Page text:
The Plan: The best movements in exercises are those that work the largest muscle groups, so focus on the chest, legs, back and shoulders, doing 2 to 3 series of movements that work these areas a couple of times a week.
Proper exercises to practice for people in their 40's
More exercise of any kind
Why: It will help protect telomeres, the stretches of DNA at the ends of chromosomes that shorten with age and leave cells vulnerable to damage. In a study published in Sports and Exercise Medicine and Science, the more physically active people were during middle age, the lower the risk of telomere shortening and the healthier their cells were as they aged.
The Plan: Focus on the 4 follow-up exercises in this study: weight training, moderate cardio like running, vigorous cardio like spinning or a rowing class, and walking or cycling.
Exercises suitable for people in the 50's
Tennis, dancing, hiking
Why: Weight-bearing exercises like these helps maintain bone density, which usually begins to drop once they enter menopause (decreased estrogen levels play a role). Why are weight bearing exercises useful at this point? Bone is living tissue, and it only keeps itself as strong as it needs to be. So if you regularly stress your bones, they will maintain greater strength to keep up with your activities.
The Plan: Try to do 30 minutes of weight bearing exercises. If that doesn't work with your schedule, you can get the same benefit with fewer but longer workouts, as long as you do your workouts slowly to avoid injury.
Exercises that build leg muscles
Why: The more powerful your legs, the better your brain will age, a recent study in Gerontology made that finding. The researchers analyzed pairs of female twins with a mean age of 50 years and found that within the pairs, the twin with the strongest legs had a better aged brain (both structurally and functionally) over a 10-year period.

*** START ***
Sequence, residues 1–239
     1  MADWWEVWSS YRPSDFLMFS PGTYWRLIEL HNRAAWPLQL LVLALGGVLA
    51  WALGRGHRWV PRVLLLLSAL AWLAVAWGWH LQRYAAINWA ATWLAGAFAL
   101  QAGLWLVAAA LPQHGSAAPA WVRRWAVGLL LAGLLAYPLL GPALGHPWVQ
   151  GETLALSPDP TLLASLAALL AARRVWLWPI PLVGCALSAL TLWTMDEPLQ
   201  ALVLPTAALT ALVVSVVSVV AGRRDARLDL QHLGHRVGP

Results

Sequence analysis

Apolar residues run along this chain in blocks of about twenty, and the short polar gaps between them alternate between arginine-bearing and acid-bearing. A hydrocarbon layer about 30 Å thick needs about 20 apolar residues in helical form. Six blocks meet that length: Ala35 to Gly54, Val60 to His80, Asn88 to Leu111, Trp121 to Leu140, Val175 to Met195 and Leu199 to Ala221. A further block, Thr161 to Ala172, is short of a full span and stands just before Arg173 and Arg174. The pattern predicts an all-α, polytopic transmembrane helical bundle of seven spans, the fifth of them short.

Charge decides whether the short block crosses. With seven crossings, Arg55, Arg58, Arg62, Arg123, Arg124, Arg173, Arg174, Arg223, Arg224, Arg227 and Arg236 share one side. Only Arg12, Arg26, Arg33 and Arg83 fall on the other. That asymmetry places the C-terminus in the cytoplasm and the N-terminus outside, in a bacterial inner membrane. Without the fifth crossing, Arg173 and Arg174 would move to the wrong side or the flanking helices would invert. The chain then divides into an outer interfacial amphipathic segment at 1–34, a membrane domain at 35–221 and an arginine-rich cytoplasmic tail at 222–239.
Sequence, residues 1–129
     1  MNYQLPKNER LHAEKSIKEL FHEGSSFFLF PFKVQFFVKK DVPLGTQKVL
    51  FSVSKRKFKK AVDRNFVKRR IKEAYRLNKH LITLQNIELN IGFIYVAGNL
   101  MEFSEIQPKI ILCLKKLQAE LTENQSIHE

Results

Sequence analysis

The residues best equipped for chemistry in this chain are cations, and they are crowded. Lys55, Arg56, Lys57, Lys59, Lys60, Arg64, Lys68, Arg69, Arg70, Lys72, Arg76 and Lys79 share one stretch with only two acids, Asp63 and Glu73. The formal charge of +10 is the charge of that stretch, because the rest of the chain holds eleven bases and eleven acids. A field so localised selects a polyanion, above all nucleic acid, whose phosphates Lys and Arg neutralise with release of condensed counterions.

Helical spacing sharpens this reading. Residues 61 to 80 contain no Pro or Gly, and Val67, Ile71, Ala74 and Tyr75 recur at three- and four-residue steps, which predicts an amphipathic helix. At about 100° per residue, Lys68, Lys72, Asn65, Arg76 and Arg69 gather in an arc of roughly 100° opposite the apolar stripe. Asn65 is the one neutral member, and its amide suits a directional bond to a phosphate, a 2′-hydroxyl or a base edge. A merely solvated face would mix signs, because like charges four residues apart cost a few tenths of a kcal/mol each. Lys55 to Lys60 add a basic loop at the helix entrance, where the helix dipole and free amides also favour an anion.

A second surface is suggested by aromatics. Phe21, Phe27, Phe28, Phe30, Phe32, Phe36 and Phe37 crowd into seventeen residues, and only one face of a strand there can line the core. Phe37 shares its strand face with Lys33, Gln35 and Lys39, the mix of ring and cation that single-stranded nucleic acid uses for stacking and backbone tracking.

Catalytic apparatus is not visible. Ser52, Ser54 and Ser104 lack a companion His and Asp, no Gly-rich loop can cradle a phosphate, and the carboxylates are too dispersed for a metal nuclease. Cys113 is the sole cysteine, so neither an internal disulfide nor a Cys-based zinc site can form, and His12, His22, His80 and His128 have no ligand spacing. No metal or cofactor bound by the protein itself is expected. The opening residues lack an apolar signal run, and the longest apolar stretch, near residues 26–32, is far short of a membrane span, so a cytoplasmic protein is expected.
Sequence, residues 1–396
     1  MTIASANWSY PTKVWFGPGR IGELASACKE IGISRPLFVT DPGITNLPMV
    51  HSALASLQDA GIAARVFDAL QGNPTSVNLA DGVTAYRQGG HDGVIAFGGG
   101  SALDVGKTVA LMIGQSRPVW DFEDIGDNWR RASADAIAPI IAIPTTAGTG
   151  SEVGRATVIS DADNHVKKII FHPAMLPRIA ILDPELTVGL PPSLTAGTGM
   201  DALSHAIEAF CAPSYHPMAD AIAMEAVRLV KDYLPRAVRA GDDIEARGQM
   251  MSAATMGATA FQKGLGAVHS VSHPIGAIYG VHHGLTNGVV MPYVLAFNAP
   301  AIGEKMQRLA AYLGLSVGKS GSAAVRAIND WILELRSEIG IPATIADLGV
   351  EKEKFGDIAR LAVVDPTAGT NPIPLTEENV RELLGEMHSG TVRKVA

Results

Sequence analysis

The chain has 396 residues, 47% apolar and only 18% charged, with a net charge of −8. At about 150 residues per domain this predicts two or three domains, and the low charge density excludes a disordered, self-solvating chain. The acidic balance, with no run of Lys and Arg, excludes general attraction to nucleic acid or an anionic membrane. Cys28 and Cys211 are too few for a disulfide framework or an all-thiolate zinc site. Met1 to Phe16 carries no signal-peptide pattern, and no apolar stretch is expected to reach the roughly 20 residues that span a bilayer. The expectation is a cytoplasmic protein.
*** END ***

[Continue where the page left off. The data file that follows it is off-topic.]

The strong legs / strong brain connection is not fully understood, but one theory is that when our muscles are put to work, they release neurochemicals that stimulate brain cells, and since leg muscles are among the largest muscles in the body, they can release more.
The Plan: Researchers recommend doing activities that increase explosive leg power, such as running, jumping, and dancing, 3 times a week for 45 minutes.
Exercises for people in the 60's and beyond
Why: Not for the reason you think: This will give your brain a lift. Women in their 60s and 70s who lifted weights twice a week had fewer brain white matter lesions, a warning sign of cognitive decline that is also linked to an increased risk of dangerous falls, according to a published study in the Journal of the American Geriatric Society. Those who trained only once a week did not see the same benefits.
The Plan: Using light heavy weights (you should be able to do 10 reps of each movement before you need a break), do a variety of movements that work the whole body for 40 minutes, twice a week.
Light activity, such as walking and gardening
Why: Weight gain after menopause - especially the extra weight around your midsection - can increase your risk for health problems like diabetes, heart disease, and even certain types of cancer. It's easier to gain weight after menopause, but there's a silver lining: It's also easier to lose it.
Even light physical activity, such as walking and gardening, has a greater impact on weight and belly fat in postmenopausal women than in younger women (per new research presented at the annual meeting of the North American Menopause Society.)
The Plan: Find an activity that gets you up and moving regularly and try to commit to it for 30 minutes each day.